"I’ve explored vast deserts, huge mountains, tropical rain forests, deep canyons, historic cities and rugged coastlines. There have been countless spectacular things to see, and I’ve had many memorable adventures. But, something that all the travel has made me realise is that there’s actually no better place on the planet to get out for a run than the Peak District!

"There are places with bigger mountains, more extreme landscapes and better weather! But I haven’t found anywhere else that has so much beauty, so much history and so much variety in such a small and accessible area. In that respect, I feel that the Peak District National Park is unique.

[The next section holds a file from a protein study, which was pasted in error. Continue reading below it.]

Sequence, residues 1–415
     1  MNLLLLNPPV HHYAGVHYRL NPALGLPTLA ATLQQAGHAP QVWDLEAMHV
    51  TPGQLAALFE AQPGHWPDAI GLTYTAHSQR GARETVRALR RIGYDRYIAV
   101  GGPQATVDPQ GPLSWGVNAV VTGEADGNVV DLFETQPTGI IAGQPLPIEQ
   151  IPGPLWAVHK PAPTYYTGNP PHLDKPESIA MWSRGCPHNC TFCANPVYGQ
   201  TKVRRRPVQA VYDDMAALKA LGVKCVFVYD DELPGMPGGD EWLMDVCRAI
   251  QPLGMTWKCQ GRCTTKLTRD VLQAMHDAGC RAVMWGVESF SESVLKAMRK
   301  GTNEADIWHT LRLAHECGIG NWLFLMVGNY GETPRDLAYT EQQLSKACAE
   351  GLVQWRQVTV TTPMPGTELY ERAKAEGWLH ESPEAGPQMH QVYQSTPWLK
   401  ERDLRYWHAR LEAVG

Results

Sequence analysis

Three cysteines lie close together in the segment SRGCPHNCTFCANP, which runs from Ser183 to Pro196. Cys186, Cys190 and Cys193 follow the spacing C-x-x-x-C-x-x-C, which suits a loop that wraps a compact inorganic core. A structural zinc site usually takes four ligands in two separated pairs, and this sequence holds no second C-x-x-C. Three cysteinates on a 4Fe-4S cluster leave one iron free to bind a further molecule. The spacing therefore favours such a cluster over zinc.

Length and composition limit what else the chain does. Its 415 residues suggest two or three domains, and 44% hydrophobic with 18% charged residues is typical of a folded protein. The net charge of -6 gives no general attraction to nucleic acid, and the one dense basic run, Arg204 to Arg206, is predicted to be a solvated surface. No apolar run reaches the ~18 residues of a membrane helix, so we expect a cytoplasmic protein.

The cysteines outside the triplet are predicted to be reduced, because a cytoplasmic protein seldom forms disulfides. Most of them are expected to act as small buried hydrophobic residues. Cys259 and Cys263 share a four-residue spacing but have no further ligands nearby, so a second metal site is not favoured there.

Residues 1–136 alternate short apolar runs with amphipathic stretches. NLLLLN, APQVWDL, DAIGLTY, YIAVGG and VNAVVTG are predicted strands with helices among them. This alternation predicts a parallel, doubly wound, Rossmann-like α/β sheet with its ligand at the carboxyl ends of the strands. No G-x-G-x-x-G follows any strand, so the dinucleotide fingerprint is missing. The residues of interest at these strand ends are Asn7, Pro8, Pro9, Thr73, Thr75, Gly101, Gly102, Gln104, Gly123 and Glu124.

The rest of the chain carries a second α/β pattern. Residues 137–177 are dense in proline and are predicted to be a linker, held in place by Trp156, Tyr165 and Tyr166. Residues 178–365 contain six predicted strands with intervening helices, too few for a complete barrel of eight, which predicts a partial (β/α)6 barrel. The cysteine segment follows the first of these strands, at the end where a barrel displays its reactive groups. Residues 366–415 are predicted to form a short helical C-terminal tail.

"I love that it has remote, wild areas which, even on a (rare) sunny bank holiday, can make you feel like you’re the only human on the planet, while being only a parkrun distance from a major city.  I love that, even on a relatively short run, you can enjoy a wide variety of terrain.

"With a bit of careful planning, a couple of hours of running in the Peaks can take you along high rocky edges, across remote moorland, through spectacular canyon-like dales, past historic stately homes, around picturesque lakes and into picture postcard villages.

"Sharing the joy this brings with others, and helping them to achieve things beyond their own expectations, is something I realised I found immensely rewarding, perhaps even more so than my own running."

Andy Brooks - Peak Running